Aeschines, Speeches (English) (XML Header) [genre: prose; rhetoric] [word count] [Aeschin.].
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2.109

He began his speech with certain slanderous allusions to his colleagues, to the effect that not all of us had come with the same end in view, nor were we all of one mind; and then he proceeded to review his own previous services to Philip: first, his defence of Philocrates' motion, when Philocrates, having moved that Philip be permitted to send ambassadors to the Athenians to discuss peace, was defendant on the charge of having made an unconstitutional proposal; secondly, he read the motion of which Demosthenes himself was author, to grant safe conduct to the herald and ambassadors from Philip; and thirdly, the motion that restricted the people's discussion of peace to appointed days.

2.110

To the account he added a conclusion like this: that he had been the first to put a curb on those who were trying to block the peace; that he had done this, not by his words, but by fixing the dates. Then he brought up another motion, the one which provided that the people should discuss an alliance also; then, after that, the motion about assigning the front seats at the Dionysia to Philip's ambassadors.

2.111

He alluded also to the special attention he had shown them: the placing of cushions, and certain watchings and vigils of the night, caused by men who were jealous of him and wished to bring insult upon his honourable name! And that utterly absurd story, whereat his colleagues covered their faces for shame, how he gave a dinner to the ambassadors of Philip; and how when they set out for home he hired for them some teams of mules, and escorted them on horseback. For he did not hide in the dark, as certain others do, but made an exhibition of his fawning conduct.

2.112

And finally he carefully corrected those other statements: [Note]“I did not say that you are beautiful, for a woman is the most beautiful of all beings; nor that you are a wonderful drinker, for that is a compliment for a sponge, in my opinion; nor that you have a remarkable memory, for I think such praise belongs to the professional sophist.” But not to prolong the story, he said such things in the presence of the ambassadors from almost the whole of Hellas, that laughter arose such as you seldom hear.

2.113

But when at last he stopped and there was silence, I was forced to speak—after such an exhibition of ill-breeding and such excess of shameful flattery. Necessarily, by way of preface, I made a brief reply to his insinuations against his colleagues, saying that the Athenians had sent us as ambassadors, not to offer apologies in Macedonia for ourselves, but as men adjudged by our life at home to be worthy of our city.

2.114

Then after speaking briefly on the subject of the oaths for which we had come, I reviewed the other matters that you had entrusted to us. For the eminent Demosthenes, for all his exceeding eloquence, had not mentioned a single essential point. And in particular I spoke about the expedition to Thermopylae, and about the holy places, and Delphi, and the Amphictyons. I called on Philip to settle matters there, preferably not with arms, but with vote and verdict; but if that should be impossible (it was already evident that it was, for the army was collected and on the spot), I said that he who was on the point of deciding the fate of the holy places of our nation ought to give careful thought to the question of piety, and to give attention to those who undertook to give instruction as to our traditions.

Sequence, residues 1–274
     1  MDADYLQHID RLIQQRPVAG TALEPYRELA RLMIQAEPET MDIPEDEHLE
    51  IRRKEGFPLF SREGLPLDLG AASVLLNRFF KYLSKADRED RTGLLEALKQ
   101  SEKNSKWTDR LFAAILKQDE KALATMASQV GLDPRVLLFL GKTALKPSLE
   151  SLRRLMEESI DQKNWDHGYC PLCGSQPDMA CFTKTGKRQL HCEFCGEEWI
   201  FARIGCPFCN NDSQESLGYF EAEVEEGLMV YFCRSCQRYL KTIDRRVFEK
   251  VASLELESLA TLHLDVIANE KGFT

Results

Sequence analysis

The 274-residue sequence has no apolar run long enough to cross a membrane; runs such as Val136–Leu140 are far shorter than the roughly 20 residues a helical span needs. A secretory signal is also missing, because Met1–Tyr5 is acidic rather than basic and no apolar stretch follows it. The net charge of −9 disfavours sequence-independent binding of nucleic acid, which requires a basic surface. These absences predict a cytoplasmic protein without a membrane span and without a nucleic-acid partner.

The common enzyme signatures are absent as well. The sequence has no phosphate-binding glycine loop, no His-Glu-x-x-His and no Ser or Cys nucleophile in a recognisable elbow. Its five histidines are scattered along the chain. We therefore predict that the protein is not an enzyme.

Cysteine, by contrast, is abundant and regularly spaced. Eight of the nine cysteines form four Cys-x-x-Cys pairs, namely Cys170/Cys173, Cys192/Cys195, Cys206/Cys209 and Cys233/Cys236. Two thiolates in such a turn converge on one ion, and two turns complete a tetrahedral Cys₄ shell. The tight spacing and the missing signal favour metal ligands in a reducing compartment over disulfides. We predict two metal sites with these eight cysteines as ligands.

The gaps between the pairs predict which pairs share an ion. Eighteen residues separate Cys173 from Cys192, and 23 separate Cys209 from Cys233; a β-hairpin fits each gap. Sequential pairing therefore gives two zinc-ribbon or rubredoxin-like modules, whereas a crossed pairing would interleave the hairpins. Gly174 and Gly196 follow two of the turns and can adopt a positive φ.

2.115

At the same time I reviewed from the beginning the story of the founding of the shrine, and of the first synod of the Amphictyons that was ever held; and I read their oaths, in which the men of ancient times swore that they would raze no city of the Amphictyonic states, nor shut them off from flowing water either in war or in peace; that if anyone should violate this oath, they would march against such an one and raze his cities; [Note] and if any one should violate the shrine of the god or be accessory to such violation, or make any plot against the holy places, they would punish him with hand and foot and voice, and all their power. To the oath was added a mighty curse.

2.116

When I had read all this, I solemnly declared that in my opinion it was not right that we should overlook the fact that the cities in Boeotia were lying in ruins. [Note] To prove that they were Amphictyonic cities and thus protected by the oaths, I enumerated twelve tribes which shared the shrine: the Thessalians, Boeotians (not the Thebans only), Dorians, Ionians, Perrhaebi, Magnetes, Dolopians, Locrians, Oetaeans, Phthiotians, Malians, and Phocians. And I showed that each of these tribes has an equal vote, the greatest equal to the least: that the delegate from Dorion and Cytinion has equal authority with the Lacedaemonian delegates, for each tribe casts two votes; again, that of the Ionian delegates those from Eretria and Priene have equal authority with those from Athens and the rest in the same way.



Aeschines, Speeches (English) (XML Header) [genre: prose; rhetoric] [word count] [Aeschin.].
<<Aeschin. 2.104 Aeschin. 2.113 (Greek) >>Aeschin. 2.120

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